(1S, 3S)-3-amino-4-difluoromethylenyl-1-cyclopentanoic acid (CPP-115), a potent γ-aminobutyric acid aminotransferase inactivator for the treatment of cocaine addiction.

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Journal of medicinal chemistry, ISSN: 1520-4804, Vol: 55, Issue: 1, Page: 357-66

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PMC3257419; 3257419
Pan, Yue; Gerasimov, Madina R; Kvist, Trine; Wellendorph, Petrine; Madsen, Karsten K; Pera, Elena; Lee, Hyunbeom; Schousboe, Arne; Chebib, Mary; Bräuner-Osborne, Hans; Craft, Cheryl M; Brodie, Jonathan D; Schiffer, Wynne K; Dewey, Stephen L; Miller, Steven R; Silverman, Richard B Show More Hide
American Chemical Society (ACS); American Chemical Society
Biochemistry, Genetics and Molecular Biology; Pharmacology, Toxicology and Pharmaceutics
article description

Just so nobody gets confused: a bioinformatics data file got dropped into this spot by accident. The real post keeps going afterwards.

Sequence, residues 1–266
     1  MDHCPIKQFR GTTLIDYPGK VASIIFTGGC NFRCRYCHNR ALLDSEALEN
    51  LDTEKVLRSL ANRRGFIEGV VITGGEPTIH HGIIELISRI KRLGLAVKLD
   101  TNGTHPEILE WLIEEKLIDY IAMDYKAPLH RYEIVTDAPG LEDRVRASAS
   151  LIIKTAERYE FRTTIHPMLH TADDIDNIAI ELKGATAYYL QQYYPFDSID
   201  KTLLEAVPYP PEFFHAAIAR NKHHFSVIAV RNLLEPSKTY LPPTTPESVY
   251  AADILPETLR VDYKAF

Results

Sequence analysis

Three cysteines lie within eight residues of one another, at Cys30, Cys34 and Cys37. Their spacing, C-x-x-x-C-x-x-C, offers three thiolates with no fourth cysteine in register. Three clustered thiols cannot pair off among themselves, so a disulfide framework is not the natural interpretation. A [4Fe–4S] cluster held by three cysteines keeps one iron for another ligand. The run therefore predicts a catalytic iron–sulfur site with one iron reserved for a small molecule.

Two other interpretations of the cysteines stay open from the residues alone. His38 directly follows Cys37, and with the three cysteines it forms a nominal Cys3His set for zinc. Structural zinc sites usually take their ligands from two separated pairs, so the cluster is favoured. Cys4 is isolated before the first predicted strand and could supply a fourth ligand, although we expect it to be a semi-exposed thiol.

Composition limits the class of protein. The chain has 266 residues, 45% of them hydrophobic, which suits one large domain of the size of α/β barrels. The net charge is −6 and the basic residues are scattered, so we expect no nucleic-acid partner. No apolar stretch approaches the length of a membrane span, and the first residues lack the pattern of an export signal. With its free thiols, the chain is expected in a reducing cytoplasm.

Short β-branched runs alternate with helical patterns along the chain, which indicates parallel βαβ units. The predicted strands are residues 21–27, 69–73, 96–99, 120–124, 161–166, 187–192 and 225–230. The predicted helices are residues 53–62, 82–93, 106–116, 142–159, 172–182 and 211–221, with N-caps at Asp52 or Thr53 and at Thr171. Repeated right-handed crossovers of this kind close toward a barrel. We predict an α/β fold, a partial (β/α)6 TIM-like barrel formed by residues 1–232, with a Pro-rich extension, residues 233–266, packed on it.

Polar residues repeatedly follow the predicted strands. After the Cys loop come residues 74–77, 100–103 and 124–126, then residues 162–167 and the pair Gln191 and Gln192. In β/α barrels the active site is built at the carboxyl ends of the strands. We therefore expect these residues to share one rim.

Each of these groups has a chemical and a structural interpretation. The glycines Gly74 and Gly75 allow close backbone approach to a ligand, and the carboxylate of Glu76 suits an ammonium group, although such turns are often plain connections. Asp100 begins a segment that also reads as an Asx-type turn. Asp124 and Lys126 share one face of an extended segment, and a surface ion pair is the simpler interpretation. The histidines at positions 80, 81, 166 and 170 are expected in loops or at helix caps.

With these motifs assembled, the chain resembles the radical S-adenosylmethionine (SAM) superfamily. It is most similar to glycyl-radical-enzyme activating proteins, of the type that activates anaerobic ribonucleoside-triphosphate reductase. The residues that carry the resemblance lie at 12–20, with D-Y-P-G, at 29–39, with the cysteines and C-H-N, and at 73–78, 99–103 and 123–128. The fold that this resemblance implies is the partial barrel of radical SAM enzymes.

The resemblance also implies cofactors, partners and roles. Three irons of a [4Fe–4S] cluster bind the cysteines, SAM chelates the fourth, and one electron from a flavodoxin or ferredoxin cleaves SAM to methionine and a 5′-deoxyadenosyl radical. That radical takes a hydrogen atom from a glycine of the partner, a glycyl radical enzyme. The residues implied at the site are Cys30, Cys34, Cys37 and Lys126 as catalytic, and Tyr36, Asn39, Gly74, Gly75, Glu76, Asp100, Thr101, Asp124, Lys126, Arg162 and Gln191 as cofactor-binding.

Vigabatrin, a GABA aminotransferase (GABA-AT) inactivator, is used to treat infantile spasms and refractory complex partial seizures and is in clinical trials to treat addiction. We evaluated a novel GABA-AT inactivator (1S, 3S)-3-amino-4-difluoromethylenyl-1-cyclopentanoic acid (CPP-115, compound 1) and observed that it does not exhibit other GABAergic or off-target activities and is rapidly and completely orally absorbed and eliminated. By use of in vivo microdialysis techniques in freely moving rats and microPET imaging techniques, 1 produced similar inhibition of cocaine-induced increases in extracellular dopamine and in synaptic dopamine in the nucleus accumbens at (1)/(300) to (1)/(600) the dose of vigabatrin. It also blocks expression of cocaine-induced conditioned place preference at a dose (1)/(300) that of vigabatrin. Electroretinographic (ERG) responses in rats treated with 1, at doses 20-40 times higher than those needed to treat addiction in rats, exhibited reductions in ERG responses, which were less than the reductions observed in rats treated with vigabatrin at the same dose needed to treat addiction in rats. In conclusion, 1 can be administered at significantly lower doses than vigabatrin, which suggests a potential new treatment for addiction with a significantly reduced risk of visual field defects.